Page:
Got it and then my last question and I'll get back in line. Greg Intel has some very interesting commentary the expanded scope of the Atom chipset and the Bay Trail chipset that goes with it. I am curious -- I know you have some designs wins if I am not mistaken on that platform, I am curious if you can talk about that particular prospect?

Gregory L. Waters

I can talk about it, Harsh briefly. As you know we are references on partner of Intel fill, that public domain knowledge was announced a couple of quarters ago for an advanced programmable PMIC that goes into the Bay Trail series of processors. The roll-out for that particular PMIC device or family of devices will correspond with -- obviously will be driven by Intel but coming off a very, very small base that we have in that business we do look for that to contribute to grow towards the tail of this calendar year.

Harsh N. Kumar - Stephens Inc.

Thanks guys and congratulations.

Gregory L. Waters

Thanks, Harsh.

Operator

Thank you. And our next question comes from the line of Blayne Curtis with Barclays Capital. Please go ahead.

Blayne Curtis - Barclays Capital

Hey, good afternoon and congrats, nice results. Maybe just going back on the COM end market, you mentioned record RapidIO. I was wondering if you can parse out, I mean clearly all -- most companies have seen strong wireless trends through earnings. You have three, you are guiding three again. You know outside of wireless are you what kind of growth are you seeing in the other business, I guess I mean if you could maybe quantify how big the RapidIO business has gotten at this point or any sort of rough parameters, that will be helpful. Thanks.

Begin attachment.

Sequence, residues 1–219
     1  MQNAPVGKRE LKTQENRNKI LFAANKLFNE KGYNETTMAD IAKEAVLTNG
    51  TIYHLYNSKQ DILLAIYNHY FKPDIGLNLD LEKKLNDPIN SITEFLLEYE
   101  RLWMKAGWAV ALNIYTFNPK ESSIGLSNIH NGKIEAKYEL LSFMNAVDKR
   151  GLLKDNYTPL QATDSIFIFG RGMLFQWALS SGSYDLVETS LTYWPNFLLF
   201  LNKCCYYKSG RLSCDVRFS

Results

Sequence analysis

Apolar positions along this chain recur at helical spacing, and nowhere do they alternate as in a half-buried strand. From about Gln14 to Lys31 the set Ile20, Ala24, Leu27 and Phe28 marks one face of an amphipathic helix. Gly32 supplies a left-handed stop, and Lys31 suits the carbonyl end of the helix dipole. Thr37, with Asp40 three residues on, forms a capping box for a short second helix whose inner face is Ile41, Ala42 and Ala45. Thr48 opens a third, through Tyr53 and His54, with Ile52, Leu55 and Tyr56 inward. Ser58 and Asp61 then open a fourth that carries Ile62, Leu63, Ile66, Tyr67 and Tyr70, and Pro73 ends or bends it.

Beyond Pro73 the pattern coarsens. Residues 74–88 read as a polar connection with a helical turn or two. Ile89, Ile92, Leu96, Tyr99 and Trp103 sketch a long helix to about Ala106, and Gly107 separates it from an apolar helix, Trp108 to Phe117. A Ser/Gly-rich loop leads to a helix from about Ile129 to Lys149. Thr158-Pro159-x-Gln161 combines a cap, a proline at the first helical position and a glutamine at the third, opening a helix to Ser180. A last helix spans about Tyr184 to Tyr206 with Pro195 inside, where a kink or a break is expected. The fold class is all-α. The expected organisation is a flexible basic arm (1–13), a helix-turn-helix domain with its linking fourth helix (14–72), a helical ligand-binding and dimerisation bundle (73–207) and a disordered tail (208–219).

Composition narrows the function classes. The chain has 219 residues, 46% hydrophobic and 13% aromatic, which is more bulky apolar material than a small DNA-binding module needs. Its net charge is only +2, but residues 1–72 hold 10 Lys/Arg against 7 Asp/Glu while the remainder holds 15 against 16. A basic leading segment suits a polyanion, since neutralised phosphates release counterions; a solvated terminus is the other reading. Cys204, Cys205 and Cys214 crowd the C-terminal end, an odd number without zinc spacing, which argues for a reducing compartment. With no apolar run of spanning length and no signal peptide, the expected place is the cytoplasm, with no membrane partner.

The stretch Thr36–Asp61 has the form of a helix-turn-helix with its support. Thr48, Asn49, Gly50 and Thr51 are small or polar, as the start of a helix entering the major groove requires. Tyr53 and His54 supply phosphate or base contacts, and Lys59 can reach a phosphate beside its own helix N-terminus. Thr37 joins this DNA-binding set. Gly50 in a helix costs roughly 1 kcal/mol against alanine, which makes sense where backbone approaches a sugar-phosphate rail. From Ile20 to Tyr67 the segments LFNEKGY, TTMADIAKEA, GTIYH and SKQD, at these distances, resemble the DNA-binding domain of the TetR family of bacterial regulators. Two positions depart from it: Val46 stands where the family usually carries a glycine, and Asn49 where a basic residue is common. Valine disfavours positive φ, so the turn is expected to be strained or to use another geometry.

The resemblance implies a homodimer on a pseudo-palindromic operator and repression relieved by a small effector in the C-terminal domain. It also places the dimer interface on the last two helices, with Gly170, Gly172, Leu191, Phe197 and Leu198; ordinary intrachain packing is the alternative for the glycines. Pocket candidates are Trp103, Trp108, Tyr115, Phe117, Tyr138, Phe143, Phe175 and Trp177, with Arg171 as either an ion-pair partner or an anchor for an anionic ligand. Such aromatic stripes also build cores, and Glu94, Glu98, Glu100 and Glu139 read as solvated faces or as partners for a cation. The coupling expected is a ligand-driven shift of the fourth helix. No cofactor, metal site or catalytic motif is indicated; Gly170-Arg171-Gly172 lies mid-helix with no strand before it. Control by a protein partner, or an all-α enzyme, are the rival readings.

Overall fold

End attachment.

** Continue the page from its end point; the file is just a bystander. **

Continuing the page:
Gregory L. Waters

And we haven't -- thanks Blayne. We haven’t broken out wireless, the [SVO] business in the past, so we don’t really break that out specially. But if you look at the guide we just put forward in our major end markets we called up both communications as well compute to be up 3% quarter-on-quarter sequentially, in the next question and higher than that in consumer space which was the question we just answered. So we continue to see steady robust growth for our business in both those segments.

Blayne Curtis - Barclays Capital

Okay, then maybe a question for Brian the gross margin came a little weaker in the current quarter, you are guiding it sequentially up but the mix with the comp I guess should help you in March if you can just talk about the moving pieces, Brian?

Brian C. White

Yes so Blayne, in last quarter we just completed gross margin came in a little bit lighter than the midpoint of our guidance and as we said in the prepared remarks it was driven by a couple of factors, one mix and you put out the fact of increasing comp revenue and the impact that, that could have on gross margin.

One thing that changed that in regard to our margin profile and how it relates to our end markets is that there is less difference in gross margin between the revenue in our various end markets than there have been in the past and that's really the result of all the portfolio management actions that we have taken and divestitures and downsizing of low margin businesses. So -- whereas in the past you can look increasing comp revenue and generally associate that with increasing gross margins.